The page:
The Quality Assurance and Monitoring Unit (QAMU), within CFOB, completes file reviews and recipient audits on a sample of projects from one Gs and Cs program every fiscal year. Projects selected for review by QAMU are based on the RAMM score. QAMU is responsible for providing reasonable assurance that the terms and conditions established in the contribution agreement have been met by the recipient by assessing that:

  • The funds disbursed to the recipient have been used for the intended purposes in compliance with the financial terms and conditions of the contribution agreement;
  • The recipient has complied with the reporting requirements and other selected terms and conditions of the contribution agreement; and
  • The recipient has an appropriate system of internal controls in place.

Results from interviews indicated staff in the Regions are not always clear on QAMU’s role as they do not necessarily receive the results of QAMU’s reviews. A sample of 22 Gs and Cs file reviews and recipient audits completed by QAMU during 2015–16 and 2016–17 was examined. The audit found that risk assessments, procedures to be performed and sampling methodologies were not documented in the QAMU files.

Based on the audit results, there is an opportunity to improve the coordination and integration of the monitoring and quality assurance activities performed by POB and CFOB.

Recommendation

  1. POB and CFOB should review existing monitoring and quality assurance activities to ensure they are risk-based and integrated.

Management Response

Management agrees with the recommendation and will conduct a comprehensive review of existing quality assurance activities in order to eliminate duplication and ensure an integrated approach.

The revised approach will integrate findings from existing third-party reviews and from a new risk approach piloted with select programs. Actions are expected to be completed by September 2019.

2.3 Performance monitoring needs strengthening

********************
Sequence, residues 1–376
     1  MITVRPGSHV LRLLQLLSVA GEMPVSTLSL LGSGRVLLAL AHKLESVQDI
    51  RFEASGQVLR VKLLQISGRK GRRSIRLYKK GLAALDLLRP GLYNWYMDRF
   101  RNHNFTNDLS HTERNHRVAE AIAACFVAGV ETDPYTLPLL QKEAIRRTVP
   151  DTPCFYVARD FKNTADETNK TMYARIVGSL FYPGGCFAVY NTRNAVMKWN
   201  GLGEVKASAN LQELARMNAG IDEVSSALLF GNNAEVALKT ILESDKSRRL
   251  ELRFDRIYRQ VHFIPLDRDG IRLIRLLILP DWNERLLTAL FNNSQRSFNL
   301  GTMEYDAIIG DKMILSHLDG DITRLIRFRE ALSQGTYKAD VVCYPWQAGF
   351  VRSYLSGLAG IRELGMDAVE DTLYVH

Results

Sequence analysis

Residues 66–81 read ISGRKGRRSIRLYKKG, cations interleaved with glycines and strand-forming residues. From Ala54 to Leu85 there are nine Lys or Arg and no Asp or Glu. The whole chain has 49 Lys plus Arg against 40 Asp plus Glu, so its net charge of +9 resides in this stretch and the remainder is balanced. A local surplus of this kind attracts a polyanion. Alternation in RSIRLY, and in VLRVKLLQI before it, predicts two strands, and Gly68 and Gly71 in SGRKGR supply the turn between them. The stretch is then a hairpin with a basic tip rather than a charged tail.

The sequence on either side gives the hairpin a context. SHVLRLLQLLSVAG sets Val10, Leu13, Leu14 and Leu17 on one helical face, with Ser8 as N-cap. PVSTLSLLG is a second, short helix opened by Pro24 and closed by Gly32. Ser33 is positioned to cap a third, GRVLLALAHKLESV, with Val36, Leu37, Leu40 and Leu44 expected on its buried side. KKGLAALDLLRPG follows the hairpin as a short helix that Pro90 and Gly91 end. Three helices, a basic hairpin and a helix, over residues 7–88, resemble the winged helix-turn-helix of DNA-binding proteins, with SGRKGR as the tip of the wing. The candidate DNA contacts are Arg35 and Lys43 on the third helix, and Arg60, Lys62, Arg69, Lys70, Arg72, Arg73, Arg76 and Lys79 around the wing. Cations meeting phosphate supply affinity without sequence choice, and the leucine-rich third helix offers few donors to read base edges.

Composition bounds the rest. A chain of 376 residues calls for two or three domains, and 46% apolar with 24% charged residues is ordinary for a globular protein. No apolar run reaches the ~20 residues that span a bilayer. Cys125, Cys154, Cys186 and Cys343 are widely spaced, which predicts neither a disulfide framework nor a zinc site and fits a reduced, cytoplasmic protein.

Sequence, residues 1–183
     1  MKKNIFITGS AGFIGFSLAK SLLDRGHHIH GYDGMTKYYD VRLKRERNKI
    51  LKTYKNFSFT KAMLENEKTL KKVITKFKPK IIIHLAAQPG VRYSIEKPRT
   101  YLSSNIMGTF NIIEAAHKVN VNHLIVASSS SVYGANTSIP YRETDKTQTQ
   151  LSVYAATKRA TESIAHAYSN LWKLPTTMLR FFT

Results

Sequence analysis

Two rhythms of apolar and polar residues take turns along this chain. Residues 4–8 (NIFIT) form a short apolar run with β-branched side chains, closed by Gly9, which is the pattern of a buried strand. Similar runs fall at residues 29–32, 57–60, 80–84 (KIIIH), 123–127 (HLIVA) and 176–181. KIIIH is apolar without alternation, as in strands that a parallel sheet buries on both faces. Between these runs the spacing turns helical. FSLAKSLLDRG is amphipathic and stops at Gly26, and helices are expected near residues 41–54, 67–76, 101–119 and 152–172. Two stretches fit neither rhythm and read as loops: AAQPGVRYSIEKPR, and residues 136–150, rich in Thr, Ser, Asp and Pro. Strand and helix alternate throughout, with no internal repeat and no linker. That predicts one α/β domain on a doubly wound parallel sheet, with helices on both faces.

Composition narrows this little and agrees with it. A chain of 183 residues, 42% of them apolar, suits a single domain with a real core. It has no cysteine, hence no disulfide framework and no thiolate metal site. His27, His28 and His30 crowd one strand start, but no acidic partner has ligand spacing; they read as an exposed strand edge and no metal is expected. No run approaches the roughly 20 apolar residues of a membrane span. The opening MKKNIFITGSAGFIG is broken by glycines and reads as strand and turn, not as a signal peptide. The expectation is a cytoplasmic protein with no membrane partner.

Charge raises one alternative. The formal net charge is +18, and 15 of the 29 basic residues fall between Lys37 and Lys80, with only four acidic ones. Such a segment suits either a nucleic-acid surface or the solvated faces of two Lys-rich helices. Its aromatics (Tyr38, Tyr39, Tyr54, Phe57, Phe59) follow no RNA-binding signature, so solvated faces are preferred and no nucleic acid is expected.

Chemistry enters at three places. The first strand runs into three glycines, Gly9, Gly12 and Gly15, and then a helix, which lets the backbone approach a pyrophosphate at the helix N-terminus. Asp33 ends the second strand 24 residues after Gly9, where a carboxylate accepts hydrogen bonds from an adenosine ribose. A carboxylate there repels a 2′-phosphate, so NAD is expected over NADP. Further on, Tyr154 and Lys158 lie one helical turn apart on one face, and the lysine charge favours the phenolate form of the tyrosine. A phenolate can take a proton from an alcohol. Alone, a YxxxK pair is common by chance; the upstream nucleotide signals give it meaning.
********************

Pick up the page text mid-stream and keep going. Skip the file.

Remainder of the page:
Program delivery performance targets

POB prepares a Performance Package Dashboard that presents the quarterly and year to date program delivery performance targets for the Regions and the NGCDC. These results are reviewed by POB and the Regions prior to being presented to the Services and Programs Integrated Executive Committee as part of the quarterly Program Delivery Performance results review. These performance targets measure service delivery performance such as completion of project monitors within a prescribed timeframe, project close outs, length of time to acknowledge the application for funding and speed of service for payments.

The audit team reviewed the results of the Performance Package Dashboard and noticed that the acknowledgement of application funding, project monitors and project close outs were not completed by all Regions within the required timeframes. POB indicated they are currently reviewing their performance targets to include client service indicators. The audit team encourages the Department to finalize the review of its program delivery performance targets.

Performance indicators

The audit team expected to find performance indicators and targets established for each of the ten programs included in the scope of the audit. The terms and conditions for the ten programs include performance indicators to assess whether the programs are achieving their respective objectives. The audit found that not all performance indicators had targets established. In addition, we noted that performance indicators were not systematically reported on. Details of the 2015–16 Departmental Performance Report (DPR) and the 2016–17 Departmental Results Report (DRR)Footnote 3 are presented in the table below.

  2015-16 2016-17
Program Name Number of Performance Indicators Target Established and Reported in DPR Performance Indicator Result Reported in DPR Target Established and Reported in DRR Performance Indicator Result Reported in DRR
1. Canada Summer Jobs Four 1/4 1/4 1/4 1/4
2. Career Focus Three 2/3 2/3 2/3 2/3
3. Skills Link Three 2/3 2/3 2/3 2/3
4. New Horizons for Seniors Program Four 2/4 2/4 0/4 0/4
5. Opportunities Fund Four 2/4 2/4 2/4 2/4
6. Skills and Partnership Fund Four 1/4 1/4 1/4 1/4
7. Sectoral Initiatives Program Two 1/2 1/2 1/2 1/2
8. Social Development Partnerships Program Eighteen 2/18 2/18 2/18 2/18
9. Aboriginal Skills and Employment Training Strategy Ten 1/10 1/10 1/10 1/10
10. Homelessness Partnering Strategy Five 5/5 2/5 3/5 0/5

Similar observations have been brought to the attention of the Department by the Auditor General of Canada in the recent audit on Employment Training for Indigenous PeopleFootnote 4. The Department indicated that a new performance measurement strategy with strengthened outcomes, indicators, and clearly defined targets would be developed for the new Indigenous Skills and Employment Training Program.

There is an opportunity for the Department to examine its performance indicators, targets and reporting for the Gs and Cs programs to address the issues outlined above.

Recommendation